Ryan Harris: Of faith and football
Kate Gales | Friday, November 17, 2006
Editor’s note: This story first ran Sept. 29, 2006.
MTV. ESPN. Next up, C-SPAN?
Notre Dame senior left tackle Ryan Harris has started 36 games on the Irish offensive line and been featured on MTV’s “True Life” series – but he really wants a career in politics.
It might not be the typical life path for a student-athlete, but Harris isn’t typical.
He’s a devout Muslim at one of the nation’s most famous Catholic universities, where he embraced living on campus and being part of the Notre Dame community. After football, he’s thinking about law school and politics.
But right now, he’s ready to help the Irish offense get back on track – even though his football career got off to an inauspicious start.
‘I don’t know how’ to hit
The Minnesota native remembers watching the Minnesota Vikings at family events, sitting alone in front of the television and trying to make sense of the game. Later, he’d go to his father – who played college football at the University of Wisconsin-Stout – with questions.
“My first question I tried to figure out was why they always ran into where everybody was, up the middle,” he said. “When they were running the ball, why don’t they just run around everybody?”
Over time, he picked up on the nuances of the game. But eighth-grade football brought another humbling moment.
“I’ll never forget the first day we got pads,” he said. “Everyone made fun of me because someone said, ‘Hey, let’s hit,’ and I said, ‘No.’ And they’re like, ‘Why not?’ and I said, ‘I don’t know how.’ Everyone laughed at me.”
Retelling the story, he even laughs at himself. He can laugh now because, as a standout at Cretin-Durham Hall in St. Paul, Harris starred on the defensive and offensive lines.
“Especially being a bigger kid when you’re younger, you go to a sport where they need bigger people,” said the 6-foot-5, 292-pounder. “It’s definitely something you can enjoy and be yourself in.”
He was widely recruited out of high school, but his decisions came down to two schools – Notre Dame or Miami.
“For all the reasons that people love Miami, I loved Miami,” he said.
But his family loved Notre Dame, and Harris felt it fit what he wanted in a school.
“I wanted to come out with a degree that meant something,” he said. “I also wanted to have the most competitive athletic schedule and environment I could, and Notre Dame – it doesn’t get better than that.”
His own celebrity fit club
Harris was the smallest lineman at Notre Dame when he arrived, and one of the smallest – if not the smallest – lineman recruited in his year.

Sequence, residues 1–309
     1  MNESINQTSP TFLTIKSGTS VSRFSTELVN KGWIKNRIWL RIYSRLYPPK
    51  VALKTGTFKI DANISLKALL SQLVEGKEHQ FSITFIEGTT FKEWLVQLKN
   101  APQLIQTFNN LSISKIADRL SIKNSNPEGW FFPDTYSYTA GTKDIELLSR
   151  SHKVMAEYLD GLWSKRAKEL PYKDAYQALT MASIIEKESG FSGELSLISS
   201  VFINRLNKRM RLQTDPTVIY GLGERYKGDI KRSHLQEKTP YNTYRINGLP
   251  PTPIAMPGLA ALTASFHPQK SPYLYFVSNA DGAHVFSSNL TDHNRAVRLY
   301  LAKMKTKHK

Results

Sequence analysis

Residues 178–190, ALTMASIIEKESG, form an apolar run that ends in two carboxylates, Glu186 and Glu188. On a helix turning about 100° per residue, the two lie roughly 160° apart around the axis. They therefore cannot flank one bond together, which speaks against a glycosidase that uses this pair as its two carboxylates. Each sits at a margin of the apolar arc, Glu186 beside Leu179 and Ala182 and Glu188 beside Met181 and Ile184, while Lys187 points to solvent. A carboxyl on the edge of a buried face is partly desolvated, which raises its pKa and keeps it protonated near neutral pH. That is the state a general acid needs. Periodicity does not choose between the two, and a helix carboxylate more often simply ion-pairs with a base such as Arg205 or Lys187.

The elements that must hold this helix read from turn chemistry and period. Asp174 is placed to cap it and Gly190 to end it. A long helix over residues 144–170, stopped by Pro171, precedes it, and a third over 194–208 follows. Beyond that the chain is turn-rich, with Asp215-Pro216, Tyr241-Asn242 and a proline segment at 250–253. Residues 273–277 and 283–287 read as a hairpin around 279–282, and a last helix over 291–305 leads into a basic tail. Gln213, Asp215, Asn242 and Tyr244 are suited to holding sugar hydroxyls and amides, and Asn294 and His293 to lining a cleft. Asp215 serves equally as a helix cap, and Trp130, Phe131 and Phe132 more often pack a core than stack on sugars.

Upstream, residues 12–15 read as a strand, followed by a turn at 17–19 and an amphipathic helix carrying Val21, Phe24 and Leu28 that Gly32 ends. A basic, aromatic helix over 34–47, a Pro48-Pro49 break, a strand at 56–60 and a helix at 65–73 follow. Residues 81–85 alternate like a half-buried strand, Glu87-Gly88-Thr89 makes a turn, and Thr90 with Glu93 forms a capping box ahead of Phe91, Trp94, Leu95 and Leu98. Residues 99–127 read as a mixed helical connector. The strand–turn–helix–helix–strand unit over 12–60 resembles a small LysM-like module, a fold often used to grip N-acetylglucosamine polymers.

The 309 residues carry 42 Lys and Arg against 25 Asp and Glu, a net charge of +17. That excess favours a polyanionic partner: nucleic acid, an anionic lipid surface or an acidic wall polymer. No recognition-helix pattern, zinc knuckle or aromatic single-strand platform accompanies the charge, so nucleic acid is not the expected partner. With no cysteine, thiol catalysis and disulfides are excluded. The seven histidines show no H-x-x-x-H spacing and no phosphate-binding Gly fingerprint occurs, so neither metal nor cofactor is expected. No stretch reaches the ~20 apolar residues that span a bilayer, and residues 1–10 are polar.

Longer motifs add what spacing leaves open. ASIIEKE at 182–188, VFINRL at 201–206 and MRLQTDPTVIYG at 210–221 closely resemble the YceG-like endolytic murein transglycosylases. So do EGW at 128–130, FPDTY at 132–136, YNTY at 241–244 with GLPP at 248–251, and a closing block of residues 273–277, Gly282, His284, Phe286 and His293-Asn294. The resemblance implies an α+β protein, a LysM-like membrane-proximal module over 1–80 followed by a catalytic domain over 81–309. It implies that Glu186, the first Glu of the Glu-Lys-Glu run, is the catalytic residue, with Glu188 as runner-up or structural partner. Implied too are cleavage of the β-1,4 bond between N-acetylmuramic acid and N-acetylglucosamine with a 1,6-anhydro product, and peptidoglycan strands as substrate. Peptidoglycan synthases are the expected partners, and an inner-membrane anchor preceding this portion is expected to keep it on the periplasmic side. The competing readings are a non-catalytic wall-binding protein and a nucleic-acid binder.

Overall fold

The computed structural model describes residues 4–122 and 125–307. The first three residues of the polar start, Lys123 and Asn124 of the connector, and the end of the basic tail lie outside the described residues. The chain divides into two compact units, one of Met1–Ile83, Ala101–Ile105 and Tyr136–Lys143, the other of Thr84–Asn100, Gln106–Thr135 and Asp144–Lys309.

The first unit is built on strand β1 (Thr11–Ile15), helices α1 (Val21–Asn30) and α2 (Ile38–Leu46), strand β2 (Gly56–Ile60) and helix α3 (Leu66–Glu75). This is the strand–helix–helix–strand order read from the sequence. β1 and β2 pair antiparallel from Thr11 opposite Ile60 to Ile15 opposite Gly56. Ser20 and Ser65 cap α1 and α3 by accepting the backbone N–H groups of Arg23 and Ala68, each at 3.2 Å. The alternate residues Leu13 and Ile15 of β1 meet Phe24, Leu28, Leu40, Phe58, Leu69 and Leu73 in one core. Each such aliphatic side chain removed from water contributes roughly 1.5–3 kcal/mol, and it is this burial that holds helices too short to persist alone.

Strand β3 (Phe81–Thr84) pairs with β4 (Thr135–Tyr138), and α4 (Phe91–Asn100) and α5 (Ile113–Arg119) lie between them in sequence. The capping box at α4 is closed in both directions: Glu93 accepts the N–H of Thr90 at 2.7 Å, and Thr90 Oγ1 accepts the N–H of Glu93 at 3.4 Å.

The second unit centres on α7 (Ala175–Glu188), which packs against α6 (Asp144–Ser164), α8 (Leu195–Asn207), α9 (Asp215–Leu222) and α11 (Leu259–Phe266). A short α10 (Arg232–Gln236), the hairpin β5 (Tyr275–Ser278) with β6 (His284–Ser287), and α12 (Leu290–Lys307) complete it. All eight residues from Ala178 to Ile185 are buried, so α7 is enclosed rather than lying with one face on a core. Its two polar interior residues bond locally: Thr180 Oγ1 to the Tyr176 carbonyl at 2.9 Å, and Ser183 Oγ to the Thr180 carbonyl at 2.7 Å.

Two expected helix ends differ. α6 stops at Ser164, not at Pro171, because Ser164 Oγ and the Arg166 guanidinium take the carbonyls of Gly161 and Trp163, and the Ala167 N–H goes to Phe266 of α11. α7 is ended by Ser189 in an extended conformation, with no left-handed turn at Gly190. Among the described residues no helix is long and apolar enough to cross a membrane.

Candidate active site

That’s why, when MTV’s “True Life” wanted to do a segment on positive weight gain, they called up Cretin-Durham and asked for Harris.
The segment aired without much fanfare for Harris and his family at home. But when he arrived at Notre Dame, it was clear that more than a few people had seen the show.
So did his new teammates in South Bend make fun of him?
“All the time,” he said. “I mean, all the time, especially when I first got here as a freshman. That was the joke, they were calling me names, MTV, you can imagine coming in as a freshman. They’re just looking for a reason to get on you, that was definitely my reason.”
Some on-lookers told him he needed to gain 50 pounds to be successful as a college offensive lineman.
Maybe that’s not quite right. He’s gained about 17 in the past four years and was on several preseason All-American award watch lists.
Over the most recent off-season, he focused on strength conditioning, particularly in his upper body, which he perceived as a weakness.
“I needed to get stronger,” he said. “And that’s still something I strive for, something I worked on all summer, from May until – well, I’m still working on it.”
On down the line
Harris’ first start was at Pittsburgh in 2003 – an upset victory for the Irish and a memorable experience for the true freshman. That was the night Julius Jones broke the school rushing record with 262 yards.
He played right tackle and started the final eight games of the season for the Irish, becoming only the third true freshman in Notre Dame’s history to start for the unit. Rivals.com rewarded him with a first-team spot on its Freshman All-America team, and The Sporting News had him as a second teamer.